SanBio Tests Its Mesenchymal Stem Cell Line SB623 as a Treatment for Strokes

California-based biotechnology company, SanBio Inc., has announced the successful enrollment of its first patients in a Phase 1/2a clinical trial that will test the safety and efficacy of a novel stem cells product in the treatment of chronic deficits that are the product of strokes. This stem cell product is called SB623, and so far, 6 of 18 patients have been given this product. This clinical trial is being conducted at the University of Pittsburgh and Stanford University. The trial is being conducted at Stanford University and the University of Pittsburgh. Thus far, no safety concerns have been reported.

SB623 is a stem cell line that was originally derived from adult bone marrow stem cells. Specifically, mesenchymal stem cells were isolated from bone marrow and cultured. They were then genetically engineered to express a modified version of the “Notch” gene. The Notch gene encodes a protein that is embedded into the membrane and has regions that extend to the cell exterior and another portion that extends to the cell interior. The scientists who made SB623 forced the mesenchymal stem cells to express the internal portion of the Notch protein. The significance of this is simple; the internal portion of the Notch protein does all the work and the external portion of it regulates the internal portion. By expressing only the internal portion of the Notch protein, the scientists made a version of the Notch protein that is always active. When active, the Notch protein turns mesenchymal stem cells into cells that support neurons, which are the main functional cells of the nervous system that transmit neural impulses.  Therefore, SB623 cells are derivatives of mesenchymal stem cells that have the capacity to form neurons or cells that greatly resemble neurons.

SanBio scientists and others have used SB623 cells in laboratory rodents that have sufered strokes. In all animal studies, SB623 cells appear to be safe and efficacious. Tate and colleagues published a paper in the journal Cell Transplantation in 2010 entitled, “Human mesenchymal stromal cells and their derivative, SB623 cells, rescue neural cells via trophic support following in vitro ischemia.” This paper (Cell Transplant. 2010;19(8):973-84), SB623 cells were co-cultured with brain slices after those slices had been deprived of oxygen, which is exactly what happens to the brain during a stroke. SB623 cells or the medium that was used to grow SB623 cells rescued cells in the brain slices from dying. This effect was also dosage dependent.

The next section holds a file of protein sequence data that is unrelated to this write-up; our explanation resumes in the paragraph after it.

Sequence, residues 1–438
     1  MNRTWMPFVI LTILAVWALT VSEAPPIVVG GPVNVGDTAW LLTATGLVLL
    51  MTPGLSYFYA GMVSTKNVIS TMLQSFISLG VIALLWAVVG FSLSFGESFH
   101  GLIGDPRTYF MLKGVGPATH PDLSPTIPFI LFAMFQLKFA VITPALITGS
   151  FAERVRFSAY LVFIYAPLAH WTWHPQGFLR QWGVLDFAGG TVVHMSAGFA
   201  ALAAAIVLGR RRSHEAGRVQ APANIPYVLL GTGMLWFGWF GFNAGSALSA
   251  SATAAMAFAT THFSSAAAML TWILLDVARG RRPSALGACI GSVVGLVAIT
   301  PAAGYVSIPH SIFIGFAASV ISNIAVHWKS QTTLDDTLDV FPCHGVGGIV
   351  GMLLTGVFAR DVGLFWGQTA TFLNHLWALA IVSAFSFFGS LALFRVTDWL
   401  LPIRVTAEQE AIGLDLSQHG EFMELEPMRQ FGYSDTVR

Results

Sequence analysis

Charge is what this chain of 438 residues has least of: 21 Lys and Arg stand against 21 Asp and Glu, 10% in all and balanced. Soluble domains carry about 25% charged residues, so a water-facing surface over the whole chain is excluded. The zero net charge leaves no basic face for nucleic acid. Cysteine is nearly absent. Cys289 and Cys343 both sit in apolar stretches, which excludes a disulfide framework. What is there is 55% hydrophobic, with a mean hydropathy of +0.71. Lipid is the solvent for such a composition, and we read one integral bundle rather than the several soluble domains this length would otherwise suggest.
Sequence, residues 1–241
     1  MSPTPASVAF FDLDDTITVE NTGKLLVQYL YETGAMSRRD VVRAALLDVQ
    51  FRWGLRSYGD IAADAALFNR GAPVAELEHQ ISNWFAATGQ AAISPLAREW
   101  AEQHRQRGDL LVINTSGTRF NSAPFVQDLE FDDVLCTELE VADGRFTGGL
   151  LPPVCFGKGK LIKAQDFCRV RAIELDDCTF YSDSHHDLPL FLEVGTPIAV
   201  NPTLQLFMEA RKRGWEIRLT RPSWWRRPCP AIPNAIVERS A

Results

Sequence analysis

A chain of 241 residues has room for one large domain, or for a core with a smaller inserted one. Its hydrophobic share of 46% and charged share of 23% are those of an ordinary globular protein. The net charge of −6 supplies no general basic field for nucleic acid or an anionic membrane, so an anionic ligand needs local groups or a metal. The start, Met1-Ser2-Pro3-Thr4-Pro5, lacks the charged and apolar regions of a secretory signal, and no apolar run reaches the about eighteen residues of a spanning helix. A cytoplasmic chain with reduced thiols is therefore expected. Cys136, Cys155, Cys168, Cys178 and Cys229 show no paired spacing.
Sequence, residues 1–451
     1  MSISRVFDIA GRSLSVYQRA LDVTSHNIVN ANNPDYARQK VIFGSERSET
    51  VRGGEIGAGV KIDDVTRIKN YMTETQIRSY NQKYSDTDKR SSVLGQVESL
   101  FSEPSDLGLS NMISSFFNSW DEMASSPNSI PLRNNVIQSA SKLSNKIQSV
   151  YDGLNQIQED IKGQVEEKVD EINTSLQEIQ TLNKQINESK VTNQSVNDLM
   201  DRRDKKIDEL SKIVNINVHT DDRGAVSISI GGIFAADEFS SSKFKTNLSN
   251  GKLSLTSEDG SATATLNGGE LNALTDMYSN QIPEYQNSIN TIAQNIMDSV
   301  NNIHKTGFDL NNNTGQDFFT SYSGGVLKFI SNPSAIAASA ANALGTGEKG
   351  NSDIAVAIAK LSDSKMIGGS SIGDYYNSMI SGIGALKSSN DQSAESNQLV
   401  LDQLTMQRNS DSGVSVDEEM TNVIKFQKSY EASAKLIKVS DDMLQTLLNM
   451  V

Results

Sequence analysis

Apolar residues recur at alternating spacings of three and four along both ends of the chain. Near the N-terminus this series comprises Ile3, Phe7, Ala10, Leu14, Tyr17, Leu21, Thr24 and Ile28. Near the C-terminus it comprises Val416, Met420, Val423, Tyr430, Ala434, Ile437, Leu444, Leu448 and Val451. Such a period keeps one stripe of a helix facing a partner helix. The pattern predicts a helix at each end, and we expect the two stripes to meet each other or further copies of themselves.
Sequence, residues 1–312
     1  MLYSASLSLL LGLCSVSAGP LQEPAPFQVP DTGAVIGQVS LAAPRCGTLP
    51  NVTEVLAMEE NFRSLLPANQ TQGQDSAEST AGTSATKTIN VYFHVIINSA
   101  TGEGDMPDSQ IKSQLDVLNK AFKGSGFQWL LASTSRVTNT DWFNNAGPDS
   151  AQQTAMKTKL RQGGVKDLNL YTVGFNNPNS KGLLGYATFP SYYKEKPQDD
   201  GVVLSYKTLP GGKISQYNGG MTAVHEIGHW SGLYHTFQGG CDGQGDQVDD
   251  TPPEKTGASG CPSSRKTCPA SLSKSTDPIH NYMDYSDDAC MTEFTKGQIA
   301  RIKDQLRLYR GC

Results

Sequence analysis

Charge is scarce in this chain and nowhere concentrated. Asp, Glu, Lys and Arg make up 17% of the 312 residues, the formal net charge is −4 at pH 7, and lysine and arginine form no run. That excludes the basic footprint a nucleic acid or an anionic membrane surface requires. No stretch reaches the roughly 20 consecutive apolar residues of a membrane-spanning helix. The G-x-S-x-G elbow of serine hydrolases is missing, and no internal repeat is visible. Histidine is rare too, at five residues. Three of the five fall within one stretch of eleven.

In an earlier paper, SanBio scientists showed that SB623 cells made scaffolds of molecules that supported the growth of neurons (Aizman et al., J Neurosci Res. 2009 Nov 1;87(14):3198-206). In other work, scientists at Northwestern University implanted SB623 cells into the brains of rats with Parkinson’s disease and showed that they prevented the death of dopaminergic neurons; the cells that usually die during Parkinson’s disease (Glavaski-Joksimovic A,, et al., Cell Transplant. 2009;18(7):801-14). Therefore, the use of SB623 cells in rodents points to a potential for these cells as therapeutic agents in human disease.

The Chief Executive Officer for SanBio, Keita Mori, said of this trial, “This represents a major milestone in the human clinical testing of this important new approach for regenerative medicine. We are pleased to learn that the initial dose level was well tolerated.” In this clinical trial, SB623 is implanted into the damaged region of the brains of stroke patients. Product safety is the primary focus of the study; however, particular tests and measurements of efficacy are also being tested.

SanBio’s Vice President of Development, Ernest Yankee said, “The successful completion of the initial dose cohort is a major step in any first-in-human study. We are looking forward to initiating the next two dose cohorts and wrapping up the study. The safety findings thus far are very encouraging”

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Professor of Biochemistry at Spring Arbor University (SAU) in Spring Arbor, MI. Have been at SAU since 1999. Author of The Stem Cell Epistles. Before that I was a postdoctoral research fellow at the University of Pennsylvania in Philadelphia, PA (1997-1999), and Sussex University, Falmer, UK (1994-1997). I studied Cell and Developmental Biology at UC Irvine (PhD 1994), and Microbiology at UC Davis (MA 1986, BS 1984).